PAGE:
I used scenario #41 from Charles Grant's Scenarios for Wargames as the setup. This is a fairly standard encounter battle, where two sides, evenly set up, both want to take control of the same village in the centre on the table. I didn't have much time setting up the table, so it was a bit on the minimal side w.r.t visuals.
A few things we observed:
- Battles that have both armies fighting for control of a relatively small area tend to become crowded and messy affairs. All units converge on the same area. The result is a lot of fiddling with frontages and facing, and sometimes outcomes of fights depend solely on the fact that you couldn't place your figures they way you wanted 3 turns ago. Even though we swore off the competitive aspect of wargaming many eons ago in favour of a more gentlemenlike apporach to the game, it still gave me some headaches.
- Our rules do not work that well when units are occupying single buildings, so we might have to work on that.
- Specific rulesets are usually designed with a specific type of scenario in mind: lots of cover, no cover, many units, fewer units, etc... Deviating from these hidden assumptions often stretches a particular ruleset to its limits.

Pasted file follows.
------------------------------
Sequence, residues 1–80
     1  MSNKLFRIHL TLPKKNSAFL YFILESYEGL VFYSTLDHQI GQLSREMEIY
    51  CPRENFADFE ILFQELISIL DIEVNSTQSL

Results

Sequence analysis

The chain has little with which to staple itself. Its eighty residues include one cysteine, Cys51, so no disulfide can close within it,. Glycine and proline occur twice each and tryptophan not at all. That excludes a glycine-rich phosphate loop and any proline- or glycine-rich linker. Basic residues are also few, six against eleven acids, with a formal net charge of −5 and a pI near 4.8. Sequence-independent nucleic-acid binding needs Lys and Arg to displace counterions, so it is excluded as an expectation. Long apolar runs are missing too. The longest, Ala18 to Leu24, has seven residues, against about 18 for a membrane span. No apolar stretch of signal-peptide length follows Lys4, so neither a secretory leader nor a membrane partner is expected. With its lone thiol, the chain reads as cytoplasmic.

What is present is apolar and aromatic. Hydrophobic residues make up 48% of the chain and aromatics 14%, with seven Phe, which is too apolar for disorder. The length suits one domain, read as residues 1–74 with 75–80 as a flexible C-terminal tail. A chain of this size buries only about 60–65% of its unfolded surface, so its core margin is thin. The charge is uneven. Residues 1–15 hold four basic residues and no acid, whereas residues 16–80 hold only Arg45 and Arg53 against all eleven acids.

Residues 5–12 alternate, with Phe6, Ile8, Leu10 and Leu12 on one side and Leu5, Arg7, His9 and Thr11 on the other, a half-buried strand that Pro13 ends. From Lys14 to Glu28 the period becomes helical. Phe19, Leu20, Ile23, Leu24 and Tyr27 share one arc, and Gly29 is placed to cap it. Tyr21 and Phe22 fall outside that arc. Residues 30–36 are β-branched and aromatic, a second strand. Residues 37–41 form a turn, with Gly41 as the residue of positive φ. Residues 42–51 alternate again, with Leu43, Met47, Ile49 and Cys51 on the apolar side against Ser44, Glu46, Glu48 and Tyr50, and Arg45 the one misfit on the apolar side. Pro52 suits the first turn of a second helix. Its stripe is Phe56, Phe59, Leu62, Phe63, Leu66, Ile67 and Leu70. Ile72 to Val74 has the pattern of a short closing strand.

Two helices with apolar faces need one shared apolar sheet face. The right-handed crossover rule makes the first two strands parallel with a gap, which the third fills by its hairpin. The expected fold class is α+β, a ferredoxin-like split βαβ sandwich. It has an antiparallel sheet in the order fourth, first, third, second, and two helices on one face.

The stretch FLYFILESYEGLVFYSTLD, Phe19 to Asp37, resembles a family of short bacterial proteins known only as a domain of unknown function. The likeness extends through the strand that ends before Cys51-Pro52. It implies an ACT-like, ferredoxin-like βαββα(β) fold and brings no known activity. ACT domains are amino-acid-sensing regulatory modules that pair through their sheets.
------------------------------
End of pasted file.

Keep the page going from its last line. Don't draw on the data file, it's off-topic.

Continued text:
|Game from the Union side. The casualties in the lower-right corner are casualty markers.|
We use them to indicate when a unit needs to take a morale check.
|Bart's giant moving hand picking up some Confederates.|
|Confederate Battery deployed on the hill.|
Game -winning tactic, as it turned out several moves later.
|Union Battery deployed on the wrong hill.|
Smoke marker from Early War Miniatures.
|Both sides try to take control of Sawmill Village.|
|More Confederate troop moving going on ...|
|Battle for the village in full swing.|
|Just to show off my Featherstone signature ... :-)|
|A Gentleman's wargame is not complete without some whisky or bourbon.|
This time Jack Daniels Silver Select.
|"To the friends of the Schild & Vriend Gentlemen's Wargaming Society!"|